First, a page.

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Finding poetry in the commonplace

Edward Hopper’s interpretive paintings of everyday scenes continue to influence—and inspire—today

Artwork by Nick Glaser 2016 Annual Guide

Artwork by Nick Glaser

Edward Hopper saw Cape Cod as no one else did. The iconic American artist (1882-1967), who was featured on the cover of Time magazine in 1956, may be most famous for his 1942 oil “Nighthawks,” a New York evening scene, but his fascination with the rural Cape resulted in more than 100 well-loved works.

In both oils and watercolors, Hopper depicted the scenes he observed from his studio in Truro and from travels around Eastham and Wellfleet. When he ventured outdoors, the artist usually painted from inside his car, a 1925 Dodge that doubled as a sort of studio on wheels. Whether inside or out, Hopper is known for painting the scenes before him—landscapes, colorful homes and small town settings—slightly differently than how they appeared.

“What I wanted to do,” Hopper is famously quoted as saying, “was to paint sunlight on the side of a house.” In 1934 the artist took a step toward that goal, building a summer home on Cape Cod whose sides could catch the sunlight he sought, and from which he could paint the same light glancing off other houses and hills.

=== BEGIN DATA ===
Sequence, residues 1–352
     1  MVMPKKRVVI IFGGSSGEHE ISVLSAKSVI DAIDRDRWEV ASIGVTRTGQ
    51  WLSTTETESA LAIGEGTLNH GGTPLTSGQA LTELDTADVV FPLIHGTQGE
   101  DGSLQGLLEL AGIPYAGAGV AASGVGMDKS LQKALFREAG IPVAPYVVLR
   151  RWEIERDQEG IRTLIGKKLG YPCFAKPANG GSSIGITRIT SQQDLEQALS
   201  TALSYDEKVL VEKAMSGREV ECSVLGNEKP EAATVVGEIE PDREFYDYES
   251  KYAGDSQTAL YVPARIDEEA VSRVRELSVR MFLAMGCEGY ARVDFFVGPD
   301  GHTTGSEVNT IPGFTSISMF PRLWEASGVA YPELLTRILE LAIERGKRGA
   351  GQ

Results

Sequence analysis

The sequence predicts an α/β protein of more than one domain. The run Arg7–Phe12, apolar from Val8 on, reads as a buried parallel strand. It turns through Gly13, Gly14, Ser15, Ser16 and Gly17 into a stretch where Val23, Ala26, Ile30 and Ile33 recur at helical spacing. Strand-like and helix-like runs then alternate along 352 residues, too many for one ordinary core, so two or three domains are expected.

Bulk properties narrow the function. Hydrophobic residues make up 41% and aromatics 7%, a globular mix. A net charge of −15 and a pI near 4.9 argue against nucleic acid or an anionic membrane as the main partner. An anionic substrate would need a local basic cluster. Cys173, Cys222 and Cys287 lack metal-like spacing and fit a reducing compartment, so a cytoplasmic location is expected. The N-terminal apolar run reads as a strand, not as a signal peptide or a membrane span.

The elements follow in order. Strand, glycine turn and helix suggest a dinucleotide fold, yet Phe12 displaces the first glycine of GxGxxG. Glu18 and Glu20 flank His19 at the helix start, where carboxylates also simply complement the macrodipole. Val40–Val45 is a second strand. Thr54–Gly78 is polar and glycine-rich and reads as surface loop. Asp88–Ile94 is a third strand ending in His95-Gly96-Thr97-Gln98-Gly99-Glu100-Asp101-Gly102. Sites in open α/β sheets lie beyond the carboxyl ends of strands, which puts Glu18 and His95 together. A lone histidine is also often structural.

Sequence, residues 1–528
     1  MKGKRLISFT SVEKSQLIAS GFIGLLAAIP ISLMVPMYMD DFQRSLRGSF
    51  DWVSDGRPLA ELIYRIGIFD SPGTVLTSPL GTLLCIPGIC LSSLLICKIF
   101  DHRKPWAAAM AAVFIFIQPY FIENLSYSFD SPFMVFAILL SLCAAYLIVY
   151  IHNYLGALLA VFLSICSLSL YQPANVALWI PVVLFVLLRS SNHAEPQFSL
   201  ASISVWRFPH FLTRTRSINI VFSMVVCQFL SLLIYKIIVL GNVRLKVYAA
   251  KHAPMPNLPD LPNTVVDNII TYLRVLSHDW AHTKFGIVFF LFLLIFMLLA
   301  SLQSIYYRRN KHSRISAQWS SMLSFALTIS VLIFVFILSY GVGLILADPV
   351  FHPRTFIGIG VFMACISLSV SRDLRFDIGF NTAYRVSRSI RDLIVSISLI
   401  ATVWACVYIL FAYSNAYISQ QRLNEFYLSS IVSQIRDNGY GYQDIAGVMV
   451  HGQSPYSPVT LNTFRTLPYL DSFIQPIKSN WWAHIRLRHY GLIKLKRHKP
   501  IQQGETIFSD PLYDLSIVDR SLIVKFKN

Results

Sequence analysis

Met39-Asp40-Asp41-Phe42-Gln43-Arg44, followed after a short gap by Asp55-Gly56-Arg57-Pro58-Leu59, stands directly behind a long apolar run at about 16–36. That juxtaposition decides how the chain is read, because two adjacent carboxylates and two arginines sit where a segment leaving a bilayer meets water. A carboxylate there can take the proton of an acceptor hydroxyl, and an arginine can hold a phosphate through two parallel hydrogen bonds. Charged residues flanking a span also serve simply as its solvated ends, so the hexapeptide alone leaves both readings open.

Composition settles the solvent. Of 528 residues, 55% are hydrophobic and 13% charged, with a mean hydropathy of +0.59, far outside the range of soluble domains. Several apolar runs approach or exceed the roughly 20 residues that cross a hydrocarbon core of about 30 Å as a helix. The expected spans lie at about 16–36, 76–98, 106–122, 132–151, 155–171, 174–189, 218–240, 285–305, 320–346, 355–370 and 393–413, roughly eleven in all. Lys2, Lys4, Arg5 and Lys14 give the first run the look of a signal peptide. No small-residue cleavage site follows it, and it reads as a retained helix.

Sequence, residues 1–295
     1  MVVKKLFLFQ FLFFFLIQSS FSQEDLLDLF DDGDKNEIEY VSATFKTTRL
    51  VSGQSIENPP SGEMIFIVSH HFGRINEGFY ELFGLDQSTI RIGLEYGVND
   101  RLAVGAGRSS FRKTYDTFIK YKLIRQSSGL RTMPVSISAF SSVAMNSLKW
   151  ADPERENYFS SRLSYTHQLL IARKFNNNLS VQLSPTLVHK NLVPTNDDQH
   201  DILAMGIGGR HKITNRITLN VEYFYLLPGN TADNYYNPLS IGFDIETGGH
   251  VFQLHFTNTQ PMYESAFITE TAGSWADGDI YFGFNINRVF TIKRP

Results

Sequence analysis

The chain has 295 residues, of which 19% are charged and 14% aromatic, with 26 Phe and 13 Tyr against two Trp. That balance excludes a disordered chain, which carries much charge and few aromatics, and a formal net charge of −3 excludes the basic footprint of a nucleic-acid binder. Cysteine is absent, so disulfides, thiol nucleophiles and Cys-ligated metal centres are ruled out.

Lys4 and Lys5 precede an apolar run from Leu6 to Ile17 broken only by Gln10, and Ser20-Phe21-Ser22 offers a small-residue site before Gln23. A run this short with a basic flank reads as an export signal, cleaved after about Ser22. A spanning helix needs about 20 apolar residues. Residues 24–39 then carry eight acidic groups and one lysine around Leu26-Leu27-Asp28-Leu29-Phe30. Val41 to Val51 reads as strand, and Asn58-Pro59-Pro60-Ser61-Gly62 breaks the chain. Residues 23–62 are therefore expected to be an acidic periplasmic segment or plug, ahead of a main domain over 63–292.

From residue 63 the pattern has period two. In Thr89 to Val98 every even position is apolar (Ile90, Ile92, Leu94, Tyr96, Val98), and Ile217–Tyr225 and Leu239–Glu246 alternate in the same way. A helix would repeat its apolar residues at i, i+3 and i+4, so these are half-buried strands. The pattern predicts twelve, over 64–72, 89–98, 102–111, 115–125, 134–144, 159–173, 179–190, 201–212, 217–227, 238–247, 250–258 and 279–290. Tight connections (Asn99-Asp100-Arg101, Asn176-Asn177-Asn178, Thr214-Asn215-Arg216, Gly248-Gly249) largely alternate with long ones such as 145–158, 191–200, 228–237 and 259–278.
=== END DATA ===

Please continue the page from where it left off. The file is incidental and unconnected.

Residents of Manhattan’s Greenwich Village, Hopper and his wife, Josephine, also a painter, chose a sand bluff overlooking an empty stretch of Fisher Beach in Truro for their sunny spot. Jo had been traveling to Provincetown during summers since she was a girl, and for nearly 40 years the couple continued to return to Truro to sketch and paint. The scenery of the Cape inspired Hopper, and his artwork in turn has inspired Cape Codders for decades.

Finding the places Hopper found and attempting to see them the way he saw them, has become a fascination for a number of the artist’s admirers. One of these is Fitchburg resident Charles Sternaimolo. A photographer and a Hopper enthusiast, Sternaimolo took it upon himself to track down many of these locations and to “recreate” Hopper’s oil and watercolor scenes through the lens of his camera.

According to Sternaimolo—who collaborated with Cape Cod LIFE to create the Past & Present photo series in last year’s Annual Guide—locating the buildings and vistas that Hopper painted several decades ago is a task with inherent complications: the first concerns the Cape’s landscape, which has changed drastically since Hopper’s time; the second, with how the artist transformed the scenes before him while painting them on his canvas.

“Hopper worked in this special time when the landscape was denuded,” Sternaimolo says, “after the trees had been lopped but before urbanization.” Indeed, many of Hopper’s works depict rolling hills and large swaths of land, but Sternaimolo says the exact spots can be difficult to recognize today, because many of those hills are now covered in trees.

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